• Florida Attorney General Moody filed a complaint against a Gulf Coast pool company, Cox Pools of the Gulf Coast, LLC, and its owner for alleged deceptive business practices. The complaint claims that Cox Pools misrepresented the timeline for construction and refused to issue refunds for unfinished or incomplete work. The action seeks to permanently ban the defendants from engaging in specific business activities related to pool construction and seeks a monetary judgment of more than $250,000 due to enhanced civil penalties for violating the Florida Deceptive and Unfair Trade Practices Act. Attorney General Moody’s investigation found that Cox Pools had made misrepresentations to more than 25 customers amounting to $1.5 million in pool construction services.


  • Michigan Attorney General Nessel sent a letter to the Michigan Public Service Commission asking it to investigate DTE Energy’s eBill program and other utilities’ similar programs if they exist. According to the press release, the eBill program automatically enrolls consumers in the paperless billing program without their affirmative consent. Attorney General Nessel notes that DTE should be required to provide negatively affected consumers with refunds.
  • Michigan Attorney General Nessel announced that the Michigan Public Service Commission determined that Consumers Energy Company may not charge electric customers for some energy replacement costs after an outage that was due to contractor error. The press release states that Attorney General Nessel’s participation in the related litigation has saved consumers more than $2 million.


  • Minnesota Attorney General Ellison announced a settlement with nonprofit corporation The Kitchen Kingz Corporation, requiring its president to pay back about $20,000 in misused funds as well as shutting down the company and banning its president from operating a charity. The settlement resolves allegations that the company operated a fraudulent recycling program whereby it offered to recycle high-end kitchen and home goods, but actually kept the proceeds from selling these goods.
  • Minnesota Attorney General Ellison announced a settlement with Docupros, a San Diego, California based student-loan debt-relief company, resolving claims that the company illegally collected fees from customers and misrepresented its services to consumers. The settlement requires Docupros to cease operating in Minnesota and to provide full refunds to all Minnesota consumers, roughly $18,000. Docupros is one of fifty-two student-loan debt-relief companies that Attorney General Ellison is investigating for suspected violations of Minnesota law. Docupros allegedly made false promises to consumers regarding student-loan forgiveness and profited based on exorbitant fees for enrollment services. Docupros was operating without registering as a debt-settlement service provider, which is required in Minnesota. This is the fourteenth student-loan debt-relief company that the Minnesota Attorney General office has shut down.

New York

  • New York Attorney General James, alongside Governor Hochul, Senator Gounardes, and Assembly member Rozic, announced new legislation to limit social media features harmful to teen mental health and prevent collection of children’s personal data. The legislation is meant to combat mental health issues among vulnerable children after dramatic increases of those concerns in recent years, such as increased rates of depression, anxiety, suicidal ideation, and self-harm. The two bills are the Stop Addictive Feeds Exploitation (SAFE) for Kids Act (S7694/A8148) and the New York Child Data Protection Act (S7695/A8149). The former will only impact social media platforms with feeds comprised of user-generated content, but the latter will prohibit all online sites from collecting, using, sharing, or selling personal data of anyone under the age of 18 for the purposes of advertising without informed consent.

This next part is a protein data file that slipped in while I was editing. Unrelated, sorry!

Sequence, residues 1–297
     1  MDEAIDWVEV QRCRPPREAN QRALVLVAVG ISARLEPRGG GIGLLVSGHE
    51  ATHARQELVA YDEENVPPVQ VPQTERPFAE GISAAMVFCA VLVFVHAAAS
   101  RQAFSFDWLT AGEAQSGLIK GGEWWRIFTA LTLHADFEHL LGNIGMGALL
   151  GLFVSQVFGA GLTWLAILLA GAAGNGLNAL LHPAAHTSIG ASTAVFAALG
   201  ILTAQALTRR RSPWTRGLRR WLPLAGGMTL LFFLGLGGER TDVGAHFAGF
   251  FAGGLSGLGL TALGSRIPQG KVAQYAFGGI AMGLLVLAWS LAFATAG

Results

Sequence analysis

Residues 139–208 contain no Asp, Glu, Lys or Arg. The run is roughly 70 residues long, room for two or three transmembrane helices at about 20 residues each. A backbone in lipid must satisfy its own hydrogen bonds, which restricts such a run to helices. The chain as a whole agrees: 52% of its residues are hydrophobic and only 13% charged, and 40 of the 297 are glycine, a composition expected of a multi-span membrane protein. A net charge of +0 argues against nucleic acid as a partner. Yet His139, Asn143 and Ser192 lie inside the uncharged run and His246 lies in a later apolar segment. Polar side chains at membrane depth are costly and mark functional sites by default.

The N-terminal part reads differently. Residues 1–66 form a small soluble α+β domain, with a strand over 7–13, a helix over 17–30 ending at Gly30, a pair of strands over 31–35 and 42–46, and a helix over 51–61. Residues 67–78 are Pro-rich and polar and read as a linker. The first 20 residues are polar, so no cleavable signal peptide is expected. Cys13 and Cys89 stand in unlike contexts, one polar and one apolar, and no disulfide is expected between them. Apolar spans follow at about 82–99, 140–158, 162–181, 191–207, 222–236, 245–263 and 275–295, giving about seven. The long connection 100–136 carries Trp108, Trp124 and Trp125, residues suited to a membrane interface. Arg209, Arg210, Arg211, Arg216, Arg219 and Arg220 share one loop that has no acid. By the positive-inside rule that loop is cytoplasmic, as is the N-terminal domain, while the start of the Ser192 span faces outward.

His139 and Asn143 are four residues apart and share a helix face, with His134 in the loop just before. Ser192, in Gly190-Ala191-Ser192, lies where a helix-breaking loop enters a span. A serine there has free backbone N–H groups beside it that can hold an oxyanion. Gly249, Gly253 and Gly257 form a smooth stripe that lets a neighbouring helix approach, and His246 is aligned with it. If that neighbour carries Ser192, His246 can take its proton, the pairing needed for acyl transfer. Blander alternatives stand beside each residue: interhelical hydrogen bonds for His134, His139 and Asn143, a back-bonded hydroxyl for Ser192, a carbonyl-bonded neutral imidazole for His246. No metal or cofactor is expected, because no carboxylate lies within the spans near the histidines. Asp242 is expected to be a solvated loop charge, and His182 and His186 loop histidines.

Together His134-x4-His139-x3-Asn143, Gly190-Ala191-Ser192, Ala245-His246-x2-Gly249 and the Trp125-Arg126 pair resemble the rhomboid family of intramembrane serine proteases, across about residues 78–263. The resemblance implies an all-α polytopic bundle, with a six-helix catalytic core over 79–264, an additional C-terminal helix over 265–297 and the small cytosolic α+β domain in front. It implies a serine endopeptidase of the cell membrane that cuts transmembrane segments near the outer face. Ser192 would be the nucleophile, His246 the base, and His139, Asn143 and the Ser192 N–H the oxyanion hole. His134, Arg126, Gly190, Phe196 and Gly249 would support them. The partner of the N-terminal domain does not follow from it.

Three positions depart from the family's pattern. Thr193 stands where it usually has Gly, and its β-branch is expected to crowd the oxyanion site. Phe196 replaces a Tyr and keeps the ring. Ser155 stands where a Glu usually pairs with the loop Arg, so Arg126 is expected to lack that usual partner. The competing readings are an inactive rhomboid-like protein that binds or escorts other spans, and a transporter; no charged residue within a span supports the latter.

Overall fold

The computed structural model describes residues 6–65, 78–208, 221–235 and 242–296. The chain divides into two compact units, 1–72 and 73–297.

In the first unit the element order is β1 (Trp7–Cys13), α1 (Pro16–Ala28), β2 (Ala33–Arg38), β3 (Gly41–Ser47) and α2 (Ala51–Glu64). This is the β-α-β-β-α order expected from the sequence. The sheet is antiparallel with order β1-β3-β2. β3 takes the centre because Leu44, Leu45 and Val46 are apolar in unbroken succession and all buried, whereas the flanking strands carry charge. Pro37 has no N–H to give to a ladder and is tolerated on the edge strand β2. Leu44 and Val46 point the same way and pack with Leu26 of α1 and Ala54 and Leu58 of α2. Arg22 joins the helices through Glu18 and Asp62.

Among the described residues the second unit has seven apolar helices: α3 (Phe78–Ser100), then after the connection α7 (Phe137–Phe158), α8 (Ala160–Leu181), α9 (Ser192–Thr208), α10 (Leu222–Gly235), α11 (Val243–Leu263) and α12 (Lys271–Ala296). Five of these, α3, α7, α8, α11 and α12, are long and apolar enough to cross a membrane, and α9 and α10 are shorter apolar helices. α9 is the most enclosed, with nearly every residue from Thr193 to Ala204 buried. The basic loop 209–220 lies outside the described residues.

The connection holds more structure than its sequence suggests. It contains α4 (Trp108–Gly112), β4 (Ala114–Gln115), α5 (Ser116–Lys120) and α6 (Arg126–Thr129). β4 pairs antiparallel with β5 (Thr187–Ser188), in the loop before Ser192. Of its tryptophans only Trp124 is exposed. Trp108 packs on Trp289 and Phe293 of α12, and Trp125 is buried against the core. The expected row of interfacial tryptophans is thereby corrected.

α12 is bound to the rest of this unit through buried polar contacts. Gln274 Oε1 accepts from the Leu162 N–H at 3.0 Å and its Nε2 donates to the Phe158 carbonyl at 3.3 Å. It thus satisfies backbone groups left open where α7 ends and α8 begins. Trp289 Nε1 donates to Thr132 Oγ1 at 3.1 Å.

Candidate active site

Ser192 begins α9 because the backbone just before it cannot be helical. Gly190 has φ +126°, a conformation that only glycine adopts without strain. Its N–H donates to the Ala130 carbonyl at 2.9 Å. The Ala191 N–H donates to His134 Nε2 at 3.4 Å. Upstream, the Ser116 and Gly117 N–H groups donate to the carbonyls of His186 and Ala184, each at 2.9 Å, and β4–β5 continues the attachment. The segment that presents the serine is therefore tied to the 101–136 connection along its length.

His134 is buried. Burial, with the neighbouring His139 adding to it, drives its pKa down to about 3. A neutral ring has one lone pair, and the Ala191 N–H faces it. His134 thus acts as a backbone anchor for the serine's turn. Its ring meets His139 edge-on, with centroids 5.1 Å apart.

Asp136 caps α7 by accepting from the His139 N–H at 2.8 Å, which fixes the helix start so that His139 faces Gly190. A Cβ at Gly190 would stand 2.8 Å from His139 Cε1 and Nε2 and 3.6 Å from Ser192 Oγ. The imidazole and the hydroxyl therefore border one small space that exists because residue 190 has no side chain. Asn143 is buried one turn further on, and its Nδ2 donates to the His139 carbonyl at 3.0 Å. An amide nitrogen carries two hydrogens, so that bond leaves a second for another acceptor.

• Pennsylvania Attorney General Henry announced a settlement with Rutter’s, a York-based convenience store chain, resolving claims related to cybersecurity attacks that exposed the information of more than one million customer payment cards. The cybersecurity attacks occurred over a nine-month period from 2018 to 2019 and involved 79 store locations. Attorney General Henry’s investigation determined that Rutter’s failed to properly employ reasonable data security measures to protect consumers’ personal information in violation of Pennsylvania’s Unfair Trade Practices and Consumer Protection Law. Rutter’s agreed to pay $1 million in the settlement and to improve consumer related security measures, including the maintenance of an information security program, password management, log monitoring policies, a software update, and removing defunct accounts. The exact number of impacted consumers and total fraudulent transactions is unknown.


  • Washington Attorney General Ferguson announced a more than $2 million recovery from multiple debt adjusters that engaged in unfair and deceptive practices against student borrowers, including by unlawfully charging tens of thousands of dollars in excessive fees. In 2023, Attorney General Ferguson resolved three cases against out-of-state debt adjusters who will be required to pay approximately 500 Washingtonian borrowers almost $360,000 in restitution. In total, Attorney General Ferguson has resolved cases against 35 entities.  


  • Wisconsin Attorney General Kaul announced that the state obtained a consent judgment against timeshare exit company Nationwide Transfer, LLC and its owners, resolving allegations that the company violated the law with its misleading advertising. The consent judgment includes a permanent injunction, consumer restitution, civil forfeitures, and costs.